I started thinking about how to go about training a computer to figure out moves on its own. This was a difficult task to wrap my brain around. So, I first started with a neural network with 18 inputs and 9 outputs. Each grid position corresponds to two inputs: one input for the opponent’s mark, and one input for our mark. If a given grid position is blank, both of its inputs will be zero; otherwise, one will be 1 and the other will be zero. The output with the largest positive value among the outputs whose spaces are empty, will indicate the position where we’ll play.

To train it, I wrote an app that calculated all of the possible legal grid permutations which did not comprise a win for either player. Then I eliminated duplicates when it comes to rotation (90, 180, 270 degrees) and reflection (flip). This cut the number to a little over one-eighth of the original number of permutations, considering the fact that some boards are identical when rotated and/or flipped.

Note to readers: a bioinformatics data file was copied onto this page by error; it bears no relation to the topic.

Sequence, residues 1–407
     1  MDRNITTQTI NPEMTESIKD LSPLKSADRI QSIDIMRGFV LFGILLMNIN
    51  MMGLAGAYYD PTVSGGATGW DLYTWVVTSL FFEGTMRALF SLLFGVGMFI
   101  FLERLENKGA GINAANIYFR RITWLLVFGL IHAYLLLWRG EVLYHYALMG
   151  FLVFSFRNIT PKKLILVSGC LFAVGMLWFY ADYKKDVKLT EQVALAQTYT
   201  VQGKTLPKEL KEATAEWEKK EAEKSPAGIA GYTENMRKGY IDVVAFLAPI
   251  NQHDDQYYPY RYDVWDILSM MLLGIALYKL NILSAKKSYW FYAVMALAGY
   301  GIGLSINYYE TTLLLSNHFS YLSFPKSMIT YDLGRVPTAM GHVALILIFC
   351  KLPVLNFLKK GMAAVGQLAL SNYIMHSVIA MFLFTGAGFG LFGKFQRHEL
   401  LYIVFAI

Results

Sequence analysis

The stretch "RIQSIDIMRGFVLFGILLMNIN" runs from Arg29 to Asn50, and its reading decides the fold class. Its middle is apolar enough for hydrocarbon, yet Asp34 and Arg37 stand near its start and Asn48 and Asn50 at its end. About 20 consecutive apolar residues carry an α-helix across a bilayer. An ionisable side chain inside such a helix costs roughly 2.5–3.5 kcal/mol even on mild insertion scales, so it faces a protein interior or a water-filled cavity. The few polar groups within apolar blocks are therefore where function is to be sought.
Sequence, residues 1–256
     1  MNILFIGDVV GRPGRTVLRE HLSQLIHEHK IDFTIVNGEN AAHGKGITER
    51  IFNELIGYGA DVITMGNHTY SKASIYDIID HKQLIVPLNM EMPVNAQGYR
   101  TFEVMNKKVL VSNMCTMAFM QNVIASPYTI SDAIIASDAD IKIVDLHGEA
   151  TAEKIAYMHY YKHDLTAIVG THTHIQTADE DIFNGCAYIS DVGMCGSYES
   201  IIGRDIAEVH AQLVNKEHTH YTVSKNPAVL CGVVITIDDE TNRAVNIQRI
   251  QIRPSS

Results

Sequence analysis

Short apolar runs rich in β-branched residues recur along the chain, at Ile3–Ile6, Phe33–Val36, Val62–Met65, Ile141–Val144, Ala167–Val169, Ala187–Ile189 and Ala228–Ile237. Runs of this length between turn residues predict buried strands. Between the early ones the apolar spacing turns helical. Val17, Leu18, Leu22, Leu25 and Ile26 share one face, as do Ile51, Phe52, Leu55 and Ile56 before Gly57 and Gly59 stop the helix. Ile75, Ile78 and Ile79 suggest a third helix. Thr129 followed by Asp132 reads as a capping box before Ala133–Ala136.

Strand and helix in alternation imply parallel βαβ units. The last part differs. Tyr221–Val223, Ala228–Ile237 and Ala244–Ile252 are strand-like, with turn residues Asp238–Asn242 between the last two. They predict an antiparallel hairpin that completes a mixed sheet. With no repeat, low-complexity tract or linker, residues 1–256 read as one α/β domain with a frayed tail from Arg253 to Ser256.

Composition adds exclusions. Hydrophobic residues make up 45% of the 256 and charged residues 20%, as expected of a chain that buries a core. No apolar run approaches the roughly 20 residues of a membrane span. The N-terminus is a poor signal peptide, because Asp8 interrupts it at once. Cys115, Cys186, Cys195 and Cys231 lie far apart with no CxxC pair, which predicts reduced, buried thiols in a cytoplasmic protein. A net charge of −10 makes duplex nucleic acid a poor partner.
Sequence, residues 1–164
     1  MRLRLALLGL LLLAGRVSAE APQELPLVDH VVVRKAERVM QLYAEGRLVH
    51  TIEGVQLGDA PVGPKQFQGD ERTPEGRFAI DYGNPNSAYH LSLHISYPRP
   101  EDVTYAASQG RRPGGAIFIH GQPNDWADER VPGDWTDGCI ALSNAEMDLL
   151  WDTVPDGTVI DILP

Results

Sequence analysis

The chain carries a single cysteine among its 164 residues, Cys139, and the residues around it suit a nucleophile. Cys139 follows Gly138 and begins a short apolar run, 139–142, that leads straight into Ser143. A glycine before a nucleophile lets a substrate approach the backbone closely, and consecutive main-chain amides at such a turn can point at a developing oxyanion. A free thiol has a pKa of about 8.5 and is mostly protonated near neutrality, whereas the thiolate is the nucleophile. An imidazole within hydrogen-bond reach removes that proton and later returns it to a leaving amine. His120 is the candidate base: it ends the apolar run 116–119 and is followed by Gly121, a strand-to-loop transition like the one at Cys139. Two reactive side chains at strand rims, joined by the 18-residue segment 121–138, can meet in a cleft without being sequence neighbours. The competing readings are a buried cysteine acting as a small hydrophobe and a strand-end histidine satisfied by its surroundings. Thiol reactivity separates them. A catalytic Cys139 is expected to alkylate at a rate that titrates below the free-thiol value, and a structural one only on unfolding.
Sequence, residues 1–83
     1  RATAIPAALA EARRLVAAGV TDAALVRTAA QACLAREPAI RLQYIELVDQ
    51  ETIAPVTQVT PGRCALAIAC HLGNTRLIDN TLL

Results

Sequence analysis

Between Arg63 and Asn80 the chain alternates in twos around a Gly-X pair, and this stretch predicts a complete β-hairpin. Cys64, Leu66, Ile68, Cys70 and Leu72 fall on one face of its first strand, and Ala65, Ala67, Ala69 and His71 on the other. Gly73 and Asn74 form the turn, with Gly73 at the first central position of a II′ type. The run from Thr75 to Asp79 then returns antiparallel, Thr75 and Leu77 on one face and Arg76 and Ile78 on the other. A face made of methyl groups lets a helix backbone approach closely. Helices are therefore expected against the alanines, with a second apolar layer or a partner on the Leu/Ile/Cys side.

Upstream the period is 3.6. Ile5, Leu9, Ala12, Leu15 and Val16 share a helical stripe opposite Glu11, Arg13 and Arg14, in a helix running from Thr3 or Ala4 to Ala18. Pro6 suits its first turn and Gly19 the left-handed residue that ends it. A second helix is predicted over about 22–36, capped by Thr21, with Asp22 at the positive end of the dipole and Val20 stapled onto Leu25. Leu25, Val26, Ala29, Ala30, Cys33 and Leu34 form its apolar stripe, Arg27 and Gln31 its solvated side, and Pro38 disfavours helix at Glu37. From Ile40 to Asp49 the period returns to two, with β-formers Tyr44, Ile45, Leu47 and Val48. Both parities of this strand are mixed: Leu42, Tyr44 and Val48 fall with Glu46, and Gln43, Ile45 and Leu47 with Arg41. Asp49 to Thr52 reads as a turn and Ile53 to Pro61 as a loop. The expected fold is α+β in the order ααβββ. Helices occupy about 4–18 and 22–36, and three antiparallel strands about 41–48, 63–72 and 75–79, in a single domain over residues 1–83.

Next, I trained the network by having it observe IdealPlayer’s response to every board permutation, in every possible orientation. Whenever the neural network got an answer wrong, I continued to train it on that permutation until it got it right. Once it was trained to the point where it could process every permutation and generate the same results as IdealPlayer, it was fully trained and unbeatable.